President Obama acknowledges that there is friction in his relationships with the leaders of Congress. In a just-released interview, he blames his problems on “deeply ideological” Republicans, insisting that his legislative agenda would not fare better on Capitol Hill even if he spent more time in Washington’s social scene.
In a lengthy Oval Office interview with Time’s Fareed Zakaria on Wednesday, the president spoke mostly about foreign policy, rebutting Republican criticisms of his dealings with Iran, Afghanistan, and China. But it was when he discussed Congress that the president offered fresh insights as to why he thinks he has failed to get more from Capitol Hill, particularly on taxes and deficits.
“When it comes to Congress, the issue is not personal relationships," Obama said. "My suspicion is that this whole critique has to do with the fact that I don’t go to a lot of Washington parties and, as a consequence, the Washington press corps maybe just doesn’t feel like I’m in the mix enough with them, and they figure, well, if I’m not spending time with them, I must be cold and aloof.”
Obama said he avoids the Washington social scene because of his family obligations. “The fact is, I’ve got a 13-year-old and 10-year-old daughter," he said. "And so, no, Michelle and I don’t do the social scene, because as busy as we are, we have a limited amount of time, and we want to be good parents at a time that’s vitally important for our kids.”
But Obama rejected that as the reason why his relations are so rocky with the Republican majority in the House. “The reason we’re not getting enough done right now is because you’ve got a Congress that is deeply ideological and sees a political advantage in not getting stuff done,” he said. He insisted that he and House Speaker John Boehner, R-Ohio, “get along fine,” recalling their much-publicized golf game last year. “We had a great time playing golf together. That’s not the issue. The problem was that no matter how much golf we played or no matter how much we yukked it up, he had trouble getting his caucus to go along with doing the responsible thing on a whole bunch of issues over the past year.”
Obama also vigorously rebutted the suggestion that another reason for his failure to work out a deficit deal with Congress is because he is guilty of “walking away” from the recommendations of his own Simpson-Bowles Commission when it issued its report in December 2010. He told Time that is “just nonsense.” Noting that the heart of the commission’s report was “a balanced plan” of spending cuts and entitlement reforms, he said, “I did embrace Simpson-Bowles” because that was the basis of the administration’s proposals and something that he “consistently argued for.”
But he also added that the commission’s report was not enough. “There wasn’t any magic in Simpson-Bowles,” he said. “They didn’t have some special sauce or formula that avoided us making these tough choices. They’re the same choices that I’ve said I’m prepared to make. And the only reason it hasn’t happened is because the Republicans were unwilling to do anything on revenue. Zero. Zip. Nada.”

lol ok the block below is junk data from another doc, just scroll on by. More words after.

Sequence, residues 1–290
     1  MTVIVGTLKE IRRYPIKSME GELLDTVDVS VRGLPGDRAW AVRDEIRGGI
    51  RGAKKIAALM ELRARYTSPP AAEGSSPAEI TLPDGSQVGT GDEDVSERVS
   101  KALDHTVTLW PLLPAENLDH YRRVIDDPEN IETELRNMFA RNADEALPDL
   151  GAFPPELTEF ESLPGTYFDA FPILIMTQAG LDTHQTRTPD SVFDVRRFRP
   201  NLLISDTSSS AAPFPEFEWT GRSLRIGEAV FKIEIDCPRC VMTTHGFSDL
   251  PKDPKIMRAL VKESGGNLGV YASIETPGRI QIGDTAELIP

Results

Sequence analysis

Pressed by Zakaria, he rejected any criticism that he has been cool and aloof with foreign leaders and failed to build strong personal relationships internationally. He said the friendships and “bonds of trust” he has with other leaders are “a big part of what has allowed us to execute effective diplomacy.” He said the other leaders trust him. “And that’s part of the reason why we’ve been able to forge these close working relationships and gotten a whole bunch of stuff done.”
And the president left little doubt that he is prepared to vigorously defend his foreign-policy record against the likely Republican nominee, Mitt Romney. Reminded that Romney has called him timid, indecisive, and nuanced, the president said he is waiting until the GOP battle is over, suggesting that much of the rhetoric today is “playing to their base until the primary season is over.” He said after the nomination is won, “we’ll have a serious debate about foreign policy,” adding, “I will feel very confident about being able to put my record before the American people and saying that America is safer, stronger, and better positioned to win the future than it was when I came into office.”
Overall, he said, “I think it’s going to be pretty hard to argue that we have not executed a strategy over the last three years that has put America in a stronger position than it was when we, than when I, came into office.”
Obama particularly dismissed Republican accusations that he has been weak in trying to prevent Iran from developing nuclear weapons. He took credit for rallying international opposition to Iran’s nuclear program, stating that “Iran now faces a unified world community. Iran is isolated; its standing in the region is diminished. It is feeling enormous economic pressure.”
Like most presidents, Obama seemed to prefer aspects of foreign policy to working on domestic issues with a balky Congress. “When I’m working with my foreign-policy team,” he said, “there’s just not a lot of extraneous noise. There’s not a lot of posturing and positioning and how this is going to play on cable news ... that whole political circus that has come to dominate so much of Washington applies less to the foreign-policy arena.”
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